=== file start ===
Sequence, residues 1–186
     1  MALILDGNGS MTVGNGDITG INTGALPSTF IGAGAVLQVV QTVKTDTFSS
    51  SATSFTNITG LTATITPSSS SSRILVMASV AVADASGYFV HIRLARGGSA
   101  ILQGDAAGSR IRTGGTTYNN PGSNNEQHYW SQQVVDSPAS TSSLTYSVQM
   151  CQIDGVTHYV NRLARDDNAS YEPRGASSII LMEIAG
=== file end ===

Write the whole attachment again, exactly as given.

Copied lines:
Sequence, residues 1–186
     1  MALILDGNGS MTVGNGDITG INTGALPSTF IGAGAVLQVV QTVKTDTFSS
    51  SATSFTNITG LTATITPSSS SSRILVMASV AVADASGYFV HIRLARGGSA
   101  ILQGDAAGSR IRTGGTTYNN PGSNNEQHYW SQQVVDSPAS TSSLTYSVQM
   151  CQIDGVTHYV NRLARDDNAS YEPRGASSII LMEIAG